Successful, fast-paced businesses have more than speed in common. Often in addition to expeditious work, there is a propensity toward leading-edge innovation, a constant drive toward success, and engaged employees who are determined to execute the business strategy.
One book has determined a set of components that businesses must achieve to reach such a successful state. “The Four Components of a Fast-Paced Organization: Going Beyond Lean Sigma Tools,” details the four areas that companies must focus on for top-level performance:
The first chapter on leadership is available in our IT Downloads section. It explains the responsibilities of the company’s leaders and how to transform from the “us vs. them” mentality to a partnership. The author, Robert Baird, explains that having a single-focus strategy helps fully engage the workforce toward a common goal. According to this chapter:
This method of determining the single focus becomes easier when the management team asks, “What, more than anything, do our customers want, that if we achieved it we would have a definite competitive advantage?” The answer common to most organizations is lead time improvement. To achieve this, the management team should use the Six Sigma tool of SIPOC (suppliers, inputs, process, outputs, customers). In this case the single output is lead time, and some of the inputs are quality, work in progress (WIP) levels, process capability, supplier deliveries, safety, and others. So you can now see how a single-focus strategy still requires a strategy of improving in other areas that are inputs to the single focus. This approach makes it much easier to communicate the strategy, why we are working on these inputs, and how everyone contributes.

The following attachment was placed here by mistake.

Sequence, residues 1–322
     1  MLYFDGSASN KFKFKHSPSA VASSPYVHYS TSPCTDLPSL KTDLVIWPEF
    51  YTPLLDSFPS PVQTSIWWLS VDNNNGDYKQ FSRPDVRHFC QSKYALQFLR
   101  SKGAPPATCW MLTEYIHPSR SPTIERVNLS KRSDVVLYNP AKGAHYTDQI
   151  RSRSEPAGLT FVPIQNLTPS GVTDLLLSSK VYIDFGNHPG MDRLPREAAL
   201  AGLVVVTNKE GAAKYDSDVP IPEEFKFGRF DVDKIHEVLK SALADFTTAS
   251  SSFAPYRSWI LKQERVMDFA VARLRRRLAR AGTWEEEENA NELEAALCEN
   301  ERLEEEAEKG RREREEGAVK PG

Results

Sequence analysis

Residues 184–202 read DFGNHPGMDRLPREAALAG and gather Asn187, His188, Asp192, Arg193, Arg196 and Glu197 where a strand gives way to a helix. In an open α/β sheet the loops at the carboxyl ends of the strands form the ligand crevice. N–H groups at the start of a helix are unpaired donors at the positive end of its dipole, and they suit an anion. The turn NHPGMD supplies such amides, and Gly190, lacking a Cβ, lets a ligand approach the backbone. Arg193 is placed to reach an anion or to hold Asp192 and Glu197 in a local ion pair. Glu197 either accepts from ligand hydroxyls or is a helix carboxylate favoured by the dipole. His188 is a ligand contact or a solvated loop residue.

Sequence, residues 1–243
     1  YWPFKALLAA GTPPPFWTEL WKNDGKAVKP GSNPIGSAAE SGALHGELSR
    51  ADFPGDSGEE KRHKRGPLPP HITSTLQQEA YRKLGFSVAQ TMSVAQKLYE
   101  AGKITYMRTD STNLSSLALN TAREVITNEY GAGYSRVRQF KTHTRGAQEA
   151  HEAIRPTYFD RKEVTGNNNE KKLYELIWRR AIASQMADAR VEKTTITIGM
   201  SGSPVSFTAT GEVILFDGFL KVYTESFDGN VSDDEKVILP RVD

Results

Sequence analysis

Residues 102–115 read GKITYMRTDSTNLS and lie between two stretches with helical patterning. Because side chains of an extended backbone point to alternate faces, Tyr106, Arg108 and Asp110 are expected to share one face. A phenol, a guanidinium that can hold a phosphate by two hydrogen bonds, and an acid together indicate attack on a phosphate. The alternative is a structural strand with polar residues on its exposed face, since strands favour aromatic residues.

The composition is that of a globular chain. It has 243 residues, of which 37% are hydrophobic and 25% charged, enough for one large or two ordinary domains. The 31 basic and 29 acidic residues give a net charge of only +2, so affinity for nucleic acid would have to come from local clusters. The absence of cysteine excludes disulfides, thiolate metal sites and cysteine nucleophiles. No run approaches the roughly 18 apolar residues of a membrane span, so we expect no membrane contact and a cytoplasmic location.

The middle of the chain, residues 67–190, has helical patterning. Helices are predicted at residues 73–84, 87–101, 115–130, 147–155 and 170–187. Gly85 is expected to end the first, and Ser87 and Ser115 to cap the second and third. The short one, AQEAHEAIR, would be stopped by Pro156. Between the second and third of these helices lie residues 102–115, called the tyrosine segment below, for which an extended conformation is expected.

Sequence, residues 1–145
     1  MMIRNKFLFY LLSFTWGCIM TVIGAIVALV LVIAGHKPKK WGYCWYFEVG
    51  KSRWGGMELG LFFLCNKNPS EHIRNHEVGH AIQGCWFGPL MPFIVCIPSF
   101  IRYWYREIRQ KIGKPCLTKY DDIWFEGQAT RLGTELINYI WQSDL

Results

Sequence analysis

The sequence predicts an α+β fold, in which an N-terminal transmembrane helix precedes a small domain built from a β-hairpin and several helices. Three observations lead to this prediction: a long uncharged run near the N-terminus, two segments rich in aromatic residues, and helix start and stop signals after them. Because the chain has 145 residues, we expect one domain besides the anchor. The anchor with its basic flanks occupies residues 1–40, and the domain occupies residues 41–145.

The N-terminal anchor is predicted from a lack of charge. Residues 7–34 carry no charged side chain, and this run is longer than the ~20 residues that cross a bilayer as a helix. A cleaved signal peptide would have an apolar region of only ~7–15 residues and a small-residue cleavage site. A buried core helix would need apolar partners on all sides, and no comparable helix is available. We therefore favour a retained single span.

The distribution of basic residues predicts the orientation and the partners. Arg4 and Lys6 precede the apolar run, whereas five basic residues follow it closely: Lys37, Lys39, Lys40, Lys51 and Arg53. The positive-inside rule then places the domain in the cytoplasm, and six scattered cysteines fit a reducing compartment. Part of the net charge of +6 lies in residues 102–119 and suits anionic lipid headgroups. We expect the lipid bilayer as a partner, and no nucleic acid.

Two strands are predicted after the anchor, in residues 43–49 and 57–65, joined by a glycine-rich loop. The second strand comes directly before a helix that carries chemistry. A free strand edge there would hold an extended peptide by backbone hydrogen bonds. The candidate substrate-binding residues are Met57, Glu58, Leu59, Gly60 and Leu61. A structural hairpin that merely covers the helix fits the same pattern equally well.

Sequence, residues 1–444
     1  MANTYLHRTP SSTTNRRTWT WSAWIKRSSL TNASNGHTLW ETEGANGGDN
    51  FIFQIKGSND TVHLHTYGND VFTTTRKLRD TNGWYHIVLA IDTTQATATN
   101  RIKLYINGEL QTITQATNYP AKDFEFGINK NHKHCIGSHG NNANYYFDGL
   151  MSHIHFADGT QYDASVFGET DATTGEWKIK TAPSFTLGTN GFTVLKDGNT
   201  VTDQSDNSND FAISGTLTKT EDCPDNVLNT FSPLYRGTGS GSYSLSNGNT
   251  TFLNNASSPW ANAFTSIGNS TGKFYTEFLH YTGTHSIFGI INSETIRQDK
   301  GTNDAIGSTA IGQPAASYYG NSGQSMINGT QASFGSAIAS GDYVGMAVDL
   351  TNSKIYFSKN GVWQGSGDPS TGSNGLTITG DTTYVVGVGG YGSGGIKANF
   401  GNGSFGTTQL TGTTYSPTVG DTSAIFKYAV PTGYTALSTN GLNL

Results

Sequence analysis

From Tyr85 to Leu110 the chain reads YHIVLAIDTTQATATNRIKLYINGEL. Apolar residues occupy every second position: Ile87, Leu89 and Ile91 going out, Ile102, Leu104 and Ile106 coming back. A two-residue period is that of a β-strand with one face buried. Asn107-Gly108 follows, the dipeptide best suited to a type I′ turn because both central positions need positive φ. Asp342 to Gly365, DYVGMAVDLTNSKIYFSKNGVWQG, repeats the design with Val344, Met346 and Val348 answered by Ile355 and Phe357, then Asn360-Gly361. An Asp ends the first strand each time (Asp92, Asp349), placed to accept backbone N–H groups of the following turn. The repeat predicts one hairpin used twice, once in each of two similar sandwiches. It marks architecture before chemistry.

The chapter also details the ways in which a company must function in order to reach such a lofty, rapid-pace status of success. The ability to quickly and effectively transfer and share knowledge is one aspect that can expedite decision making, which in turn will likely raise the trust of the employees in their leaders. Being able to do this “will quickly translate into a competitive edge” for any company.
The section on eradicating the “us vs. them” mentality provides several good examples of thought from each side of the equation on various company issues. The book recommends the development of trust, employee development, and the integral alignment of a single strategy as ways to eliminate this perspective and bring everyone under one umbrella, working toward a focused goal.
All levels of IT and business leaders can benefit from this chapter excerpt. It provides examples of thinking models from managers and employees and presents a plan by which both sides come together. Once employees are working toward the same lean-based goal, the whole company will benefit.